But, in case there were any problems he had printed information about where he was going in Serbia – he was first going to a festival, and then going to wwoof (volunteer on a farm). But they did not ask him for any of this. They just stamped his passport and let him through.

      Before he did this we also got some information from an immigration consultant in Germany, and she said that if you are leaving Schengen and going back to your home country then you should not have any problems. It is only when you are trying to go to some other country…

      If you want legal advice, contact these people (you can just email them, they speak english)
      [url removed]

      I don’t know how it is for whatever nationality you are, but if you are going back to your home country then it “seems” like you should not have any problems.

      Good luck!!

      • Wade Shepard

        “Before he did this we also got some information from an immigration consultant in Germany, and she said that if you are leaving Schengen and going back to your home country then you should not have any problems.”

        THIS IS BAD ADVICE. Simply put, it’s not correct. This site is full of testimonials from people who were busted trying to return to their home country. I repeat, European immigration officials often give misinformation. It’s sad, but they truly cannot be trusted.

  • mario

    hi wade shepard,you didnt give me my answer is there any problem or not because i come in invitation so when i will try to leave this country then the person who send me invitation he get problem or not…..

    and thanks ashly to advise.

    • Ashley

      What happened to my boyfriend actually happened. So this is one case of crossing the border as an overstayer and not getting deported/fined/arrested etc.

      So in this case, the advice from the immigration consultant rang true. Do with that what you will. Good luck!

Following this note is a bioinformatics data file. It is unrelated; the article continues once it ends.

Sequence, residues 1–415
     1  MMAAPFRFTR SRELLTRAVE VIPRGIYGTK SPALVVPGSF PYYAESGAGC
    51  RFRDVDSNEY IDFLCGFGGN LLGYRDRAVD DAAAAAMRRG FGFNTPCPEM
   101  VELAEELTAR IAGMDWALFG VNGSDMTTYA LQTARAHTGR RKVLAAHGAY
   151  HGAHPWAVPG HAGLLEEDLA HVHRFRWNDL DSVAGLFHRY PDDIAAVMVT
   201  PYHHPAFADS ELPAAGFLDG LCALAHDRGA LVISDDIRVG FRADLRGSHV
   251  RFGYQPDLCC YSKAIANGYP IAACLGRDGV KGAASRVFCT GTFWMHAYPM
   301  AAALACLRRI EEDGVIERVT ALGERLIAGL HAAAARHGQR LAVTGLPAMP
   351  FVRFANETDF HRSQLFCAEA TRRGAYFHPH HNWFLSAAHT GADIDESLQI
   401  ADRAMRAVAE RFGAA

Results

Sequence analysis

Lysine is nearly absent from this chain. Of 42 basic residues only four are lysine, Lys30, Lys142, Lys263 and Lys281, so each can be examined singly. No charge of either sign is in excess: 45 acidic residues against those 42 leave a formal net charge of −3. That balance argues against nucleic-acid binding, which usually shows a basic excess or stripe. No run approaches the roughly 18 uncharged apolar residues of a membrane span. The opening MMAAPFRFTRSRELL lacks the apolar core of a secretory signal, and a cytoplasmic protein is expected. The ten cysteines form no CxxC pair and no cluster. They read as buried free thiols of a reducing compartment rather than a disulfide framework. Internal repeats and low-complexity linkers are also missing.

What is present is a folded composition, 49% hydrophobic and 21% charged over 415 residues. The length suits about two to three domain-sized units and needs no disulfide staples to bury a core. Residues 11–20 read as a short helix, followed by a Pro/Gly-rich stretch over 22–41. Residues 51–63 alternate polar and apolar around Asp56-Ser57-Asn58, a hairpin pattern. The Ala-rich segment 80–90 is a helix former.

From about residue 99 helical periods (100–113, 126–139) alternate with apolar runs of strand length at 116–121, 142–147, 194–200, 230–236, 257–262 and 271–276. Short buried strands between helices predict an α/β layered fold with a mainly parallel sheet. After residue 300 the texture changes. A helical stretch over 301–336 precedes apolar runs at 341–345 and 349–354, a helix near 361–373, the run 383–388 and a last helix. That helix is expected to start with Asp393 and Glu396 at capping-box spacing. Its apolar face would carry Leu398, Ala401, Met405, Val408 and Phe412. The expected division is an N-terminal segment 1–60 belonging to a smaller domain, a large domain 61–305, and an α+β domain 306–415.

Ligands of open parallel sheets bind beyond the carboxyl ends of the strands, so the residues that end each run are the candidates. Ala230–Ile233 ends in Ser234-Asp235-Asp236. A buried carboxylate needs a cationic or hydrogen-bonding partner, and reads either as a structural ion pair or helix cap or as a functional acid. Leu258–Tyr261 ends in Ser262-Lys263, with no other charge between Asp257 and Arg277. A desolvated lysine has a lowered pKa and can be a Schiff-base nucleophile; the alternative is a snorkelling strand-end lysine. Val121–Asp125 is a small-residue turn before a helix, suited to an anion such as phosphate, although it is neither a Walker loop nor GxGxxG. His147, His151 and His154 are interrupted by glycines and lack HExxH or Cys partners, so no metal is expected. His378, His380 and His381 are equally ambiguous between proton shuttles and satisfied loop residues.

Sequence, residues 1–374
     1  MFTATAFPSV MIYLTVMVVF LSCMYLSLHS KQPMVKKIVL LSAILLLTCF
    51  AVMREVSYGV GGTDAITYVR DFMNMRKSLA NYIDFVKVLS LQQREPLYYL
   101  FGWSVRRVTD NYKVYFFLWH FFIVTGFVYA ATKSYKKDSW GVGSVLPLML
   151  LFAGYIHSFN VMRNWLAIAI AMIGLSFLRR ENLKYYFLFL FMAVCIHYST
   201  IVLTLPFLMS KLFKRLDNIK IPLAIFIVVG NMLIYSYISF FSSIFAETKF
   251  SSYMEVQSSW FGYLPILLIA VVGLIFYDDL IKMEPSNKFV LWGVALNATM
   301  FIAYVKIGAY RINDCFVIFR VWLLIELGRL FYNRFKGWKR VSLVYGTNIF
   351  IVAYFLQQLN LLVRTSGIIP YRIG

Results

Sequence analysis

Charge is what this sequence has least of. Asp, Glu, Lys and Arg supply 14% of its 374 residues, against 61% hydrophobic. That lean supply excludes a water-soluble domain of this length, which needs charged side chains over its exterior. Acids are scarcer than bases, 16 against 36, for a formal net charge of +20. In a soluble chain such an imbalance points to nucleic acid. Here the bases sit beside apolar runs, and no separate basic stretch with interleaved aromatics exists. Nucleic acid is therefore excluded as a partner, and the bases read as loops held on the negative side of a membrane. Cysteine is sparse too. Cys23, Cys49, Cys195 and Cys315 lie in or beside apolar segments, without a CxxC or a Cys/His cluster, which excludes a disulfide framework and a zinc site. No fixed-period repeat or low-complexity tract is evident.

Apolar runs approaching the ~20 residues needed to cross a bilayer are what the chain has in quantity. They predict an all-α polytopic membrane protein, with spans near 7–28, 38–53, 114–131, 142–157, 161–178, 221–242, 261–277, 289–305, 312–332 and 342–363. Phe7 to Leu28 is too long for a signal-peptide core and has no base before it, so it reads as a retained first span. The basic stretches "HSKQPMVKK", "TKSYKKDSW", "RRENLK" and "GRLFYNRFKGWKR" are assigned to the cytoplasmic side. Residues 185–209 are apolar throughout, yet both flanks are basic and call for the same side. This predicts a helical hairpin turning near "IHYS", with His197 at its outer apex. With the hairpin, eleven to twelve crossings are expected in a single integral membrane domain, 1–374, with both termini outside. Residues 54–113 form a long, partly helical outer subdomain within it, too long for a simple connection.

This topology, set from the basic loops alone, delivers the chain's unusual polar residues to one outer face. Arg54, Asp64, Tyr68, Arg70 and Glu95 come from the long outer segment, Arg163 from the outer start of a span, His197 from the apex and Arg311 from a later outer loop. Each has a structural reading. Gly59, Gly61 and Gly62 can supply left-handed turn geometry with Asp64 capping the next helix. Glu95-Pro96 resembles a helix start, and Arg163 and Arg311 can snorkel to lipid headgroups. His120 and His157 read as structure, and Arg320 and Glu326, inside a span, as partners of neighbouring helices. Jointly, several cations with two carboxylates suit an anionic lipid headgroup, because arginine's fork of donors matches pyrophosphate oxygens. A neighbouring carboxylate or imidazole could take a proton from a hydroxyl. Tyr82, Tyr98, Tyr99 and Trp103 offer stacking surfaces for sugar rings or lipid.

• Wade Shepard

        Sure, it happens. But your boyfriend did not exit the Schengen zone going back to his home country — he entered Serbia — so the immigration officials advice does not really apply in this case.

    • Wade Shepard


      Schengen visa questions are now only answered for contributors to the site. I simply get too many of them for it to be any other way. Those that I do answer without a contribution are those that could share potentially fresh/ new/ different information for others reading these pages. IF you’re interested, go to http://www.vagabondjourney.com/visa/schengen-visas/, become a contributor, and I will answer your question through private email consultation.

  • mario

    if i will pay for ticket and fined then what they will do with me…i want to go by air….


    I overstayed in the Netherlands, they stopped when leaving and I didnt realise I couldnt re enter until I flew back in 6 months later from Australia! I then spent 3 days detained in the Lounge of the airport, roaming around ! It was awful ! I was banned for 3 years ! Now I need to re apply to have my name removed. Does anyone know the process ???

  • Cy

    Hello, this might be a wee bit unrelated, I’m a student in Hungary and I failed to renew my residence permit which has now been expired for almost two weeks. Is there a chance I will get deported? Cheers

    • Wade Shepard

      No, you won’t be deported, but may face a ban when exiting the Schengen zone.